If you’re the person offering support, Bexa has some tips for you, too.

Bexa: If you are that friend that someone’s checking in with, it’s really useful to have a few skills to listen better and to help provide the best sort of sounding board for your friends.

If direct conversations and support from friends hasn’t been able to resolve the conflict, there’s the option of getting help through a mediation process. There’s sometimes fear and anxiety around taking this step. It can feel like a big deal. I’m going to walk you through what this might look like.

Bexa: Another step towards a more formal process is have someone there to make the conversation go a little bit more easily, to be able to support you saying the things that you want to say, being able to support the other person saying the things that they need to say, reminding you if you’re going down a path of all things that you said you didn’t want to get into, checking in with you to see if you need a different things. Those are some of the roles that a mediator can play in a conflict. Often mediation is really helpful when you’re dealing with just two parties. That could be two people or it could be two groups, but when there’s sort of two disparate perspectives mediation can be really helpful.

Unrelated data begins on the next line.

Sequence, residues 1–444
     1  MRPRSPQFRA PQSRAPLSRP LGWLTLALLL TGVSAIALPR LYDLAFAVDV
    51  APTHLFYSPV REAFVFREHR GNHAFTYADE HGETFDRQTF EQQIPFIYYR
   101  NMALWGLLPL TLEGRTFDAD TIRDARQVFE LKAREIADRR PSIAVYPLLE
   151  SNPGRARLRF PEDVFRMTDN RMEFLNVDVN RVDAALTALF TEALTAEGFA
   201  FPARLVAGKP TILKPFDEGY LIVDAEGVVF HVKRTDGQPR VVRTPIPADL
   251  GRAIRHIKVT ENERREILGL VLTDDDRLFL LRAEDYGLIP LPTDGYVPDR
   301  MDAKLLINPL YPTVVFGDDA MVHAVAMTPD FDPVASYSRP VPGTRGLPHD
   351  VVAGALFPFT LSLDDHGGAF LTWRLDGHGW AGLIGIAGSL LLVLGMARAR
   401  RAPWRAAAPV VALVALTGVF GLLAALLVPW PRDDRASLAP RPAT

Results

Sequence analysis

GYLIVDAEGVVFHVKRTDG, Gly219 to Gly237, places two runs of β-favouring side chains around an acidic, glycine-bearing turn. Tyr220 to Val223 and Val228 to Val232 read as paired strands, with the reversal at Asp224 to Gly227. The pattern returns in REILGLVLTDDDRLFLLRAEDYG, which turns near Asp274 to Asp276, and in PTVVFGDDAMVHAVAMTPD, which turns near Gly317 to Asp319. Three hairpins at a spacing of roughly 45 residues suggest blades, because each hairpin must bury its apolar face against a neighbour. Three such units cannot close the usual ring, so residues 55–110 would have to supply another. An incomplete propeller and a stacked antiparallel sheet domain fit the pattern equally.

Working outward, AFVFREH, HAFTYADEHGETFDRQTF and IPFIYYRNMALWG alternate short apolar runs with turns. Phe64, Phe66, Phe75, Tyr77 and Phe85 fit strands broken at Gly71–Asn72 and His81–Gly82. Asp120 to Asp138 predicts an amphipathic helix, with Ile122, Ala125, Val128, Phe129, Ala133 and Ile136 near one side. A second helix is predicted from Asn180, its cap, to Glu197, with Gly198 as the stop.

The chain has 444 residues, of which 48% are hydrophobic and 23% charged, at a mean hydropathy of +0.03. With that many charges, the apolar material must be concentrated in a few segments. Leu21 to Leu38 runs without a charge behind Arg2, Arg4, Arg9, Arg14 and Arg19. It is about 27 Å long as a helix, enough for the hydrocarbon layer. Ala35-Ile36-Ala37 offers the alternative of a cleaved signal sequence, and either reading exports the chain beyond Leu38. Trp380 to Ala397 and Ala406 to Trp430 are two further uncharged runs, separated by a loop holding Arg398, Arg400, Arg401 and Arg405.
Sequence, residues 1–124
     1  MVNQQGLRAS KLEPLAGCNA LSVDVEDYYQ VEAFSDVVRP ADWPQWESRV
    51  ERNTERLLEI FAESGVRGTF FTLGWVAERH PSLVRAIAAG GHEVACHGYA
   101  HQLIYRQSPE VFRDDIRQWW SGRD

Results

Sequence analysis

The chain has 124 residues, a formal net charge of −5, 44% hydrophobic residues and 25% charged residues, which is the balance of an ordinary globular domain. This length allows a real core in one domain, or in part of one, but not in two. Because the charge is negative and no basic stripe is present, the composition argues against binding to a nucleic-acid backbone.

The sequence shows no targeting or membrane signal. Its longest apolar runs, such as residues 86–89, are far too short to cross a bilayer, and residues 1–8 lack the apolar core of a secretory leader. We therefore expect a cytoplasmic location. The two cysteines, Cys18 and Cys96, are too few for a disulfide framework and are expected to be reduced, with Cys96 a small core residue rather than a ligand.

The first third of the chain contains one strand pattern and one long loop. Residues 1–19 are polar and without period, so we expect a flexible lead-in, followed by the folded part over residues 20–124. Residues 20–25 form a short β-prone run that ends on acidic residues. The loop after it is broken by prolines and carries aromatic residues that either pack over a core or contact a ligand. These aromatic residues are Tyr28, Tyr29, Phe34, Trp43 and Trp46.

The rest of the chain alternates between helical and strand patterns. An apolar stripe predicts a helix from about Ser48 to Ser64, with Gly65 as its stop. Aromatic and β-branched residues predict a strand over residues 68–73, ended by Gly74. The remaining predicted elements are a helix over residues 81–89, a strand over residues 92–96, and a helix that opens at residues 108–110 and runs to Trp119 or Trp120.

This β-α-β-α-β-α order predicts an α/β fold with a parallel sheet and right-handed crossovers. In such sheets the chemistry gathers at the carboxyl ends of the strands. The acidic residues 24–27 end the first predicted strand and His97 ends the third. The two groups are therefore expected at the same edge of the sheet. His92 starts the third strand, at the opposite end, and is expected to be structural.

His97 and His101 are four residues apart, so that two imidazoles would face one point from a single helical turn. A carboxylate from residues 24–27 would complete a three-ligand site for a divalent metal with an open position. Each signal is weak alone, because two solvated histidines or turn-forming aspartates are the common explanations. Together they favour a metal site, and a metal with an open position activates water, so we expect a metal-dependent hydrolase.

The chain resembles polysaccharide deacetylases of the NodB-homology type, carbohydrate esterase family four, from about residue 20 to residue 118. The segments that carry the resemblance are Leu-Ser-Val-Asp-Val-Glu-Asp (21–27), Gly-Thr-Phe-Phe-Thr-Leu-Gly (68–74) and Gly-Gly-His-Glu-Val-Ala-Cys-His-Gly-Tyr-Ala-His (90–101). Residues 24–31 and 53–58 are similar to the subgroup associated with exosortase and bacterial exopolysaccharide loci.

Different mediators will have their own ways of structuring their processes. Bexa walked me through how her process usually works.

Bexa: What I usually do is I meet with every person that’s experiencing the conflict first hand and talk them through, what’s going on, what do you feel like, what is the effect on your life, what do you want to get out of engaging with this conflict. What are the benefits and drawbacks of engaging with this conflict. Just helping them figure out do I even want to have a conversation with this person. If so do I need a third party in the room to help me and support me and having that conversation, and what are the things that I want to talk about in that conversation.

After having a conversation with each person involved, everyone comes together for a group conversation.